Such glowing words are a fitting tribute for an artist who started performing at a young age. At 7, Cara, who grew up in a family of musicians, made her professional debut singing and dancing on local television. Two years later, she landed a Broadway gig in the 1968 production of Maggie Flynn alongside future The Wiz star and singer Stephanie Mills and Emmy-nominated actor Giancarlo Esposito. And she scored a coveted spot on The Tonight Show Starring Johnny Carson in July 1971.
More television gigs followed. Cara was cast on the PBS children’s show The Electric Company and on Roots: The Next Generations. But it was Cara’s titular role in the 1976 movie classic Sparkle that introduced her to seemingly every Black household in America. In 1978, she appeared in the Broadway musical revue Ain’t Misbehavin’. Record labels were soon calling, and Cara began racking up studio session work as a background vocalist for disco singer Vicki Sue Robinson, musician Lou Reed, keyboardist George Duke, and disco singer Evelyn “Champagne” King. Cara’s friend Luther Vandross, who rose through the ranks of the music industry with her long before they became stars, recorded a cover of her 1982 track “Anyone Can See.”
Cara’s industry connections later proved to be beneficial during the recording of some pivotal compositions. “I brought a lot of New York’s greatest session singers to Michael [Fame composer Michael Gore],” she said in a 2020 Shondaland feature celebrating the 40th anniversary of Fame. “He didn’t know Luther Vandross. I did. He didn’t know about Vicki Sue Robinson. I did. Michael wasn’t in with all the badass session players and singers that I knew. I never got any money for it. Never got acknowledged. I wrote ‘Hot Lunch’ to this very cool bassline that he came up with — that was the whole damn song.”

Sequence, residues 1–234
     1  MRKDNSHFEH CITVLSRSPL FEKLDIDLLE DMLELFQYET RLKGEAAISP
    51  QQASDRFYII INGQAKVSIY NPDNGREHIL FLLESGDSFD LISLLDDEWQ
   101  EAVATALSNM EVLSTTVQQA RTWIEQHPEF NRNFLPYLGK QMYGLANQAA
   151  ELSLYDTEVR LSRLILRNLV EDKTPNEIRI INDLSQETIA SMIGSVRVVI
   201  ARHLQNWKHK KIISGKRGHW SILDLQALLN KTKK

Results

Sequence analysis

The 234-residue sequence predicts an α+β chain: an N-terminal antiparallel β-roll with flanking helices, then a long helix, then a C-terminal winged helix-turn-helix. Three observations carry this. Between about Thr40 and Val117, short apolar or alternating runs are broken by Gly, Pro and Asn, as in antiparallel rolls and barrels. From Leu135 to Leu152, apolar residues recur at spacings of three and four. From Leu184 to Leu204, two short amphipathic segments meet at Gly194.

By the mid-1980s, the consensus was that Cara’s trajectory was limitless. She followed up her “Flashdance …” collaboration with synth-pop pioneer Giorgio Moroder with the 1984 top 40 single “Breakdance,” and co-starred in the Clint Eastwood and Burt Reynolds gangster comedy flick City Heat. There was even talk of headlining her own sitcom.
But following her worldwide acclaim, Cara suffered a career spiral, a victim of what she described as industry blacklisting.
In 1985, Cara sued Al Coury Inc. and Network Records for $10 million for songwriting credit and unpaid royalties for her work on the Flashdance soundtrack, years before Prince’s game-changing legal dispute with Warner Bros. over his master recordings. “I’ll never be that trusting again,” she confided to People magazine in 2001, “believing accountants and lawyers have my best interests at heart.”
Cara eventually was awarded $1.5 million by a California jury in 1993, but the damage was already done. “All of a sudden, I was hearing stories about how difficult I was to work with, ridiculous rumors about drugs and what a diva I was,” she recalled.
Cara returned to her musical roots in 1992 in the revival for Jesus Christ Superstar and continued to perform overseas and in America on the club circuit. And she never stopped writing and recording. During a 2019 episode of her podcast The Back Story, Cara broke down her artistic process. “Very naked, just vocal and piano and a great lyric and a great story within the lyric, those are the kinds of songs I relate to as a songwriter,” she said.
How fitting was it that upon her death a strikingly diverse range of mourners sang her praises from Fame co-star and groundbreaking television director Debbie Allen and Red Hot Chili Peppers bassist Flea to the Roots’ Questlove and veteran Tony-nominated Latino actor John Leguizamo. And as singer-songwriter Lenny Kravitz said, “Irene Cara, you inspired me more than you could ever know.”
Same, Lenny. Same.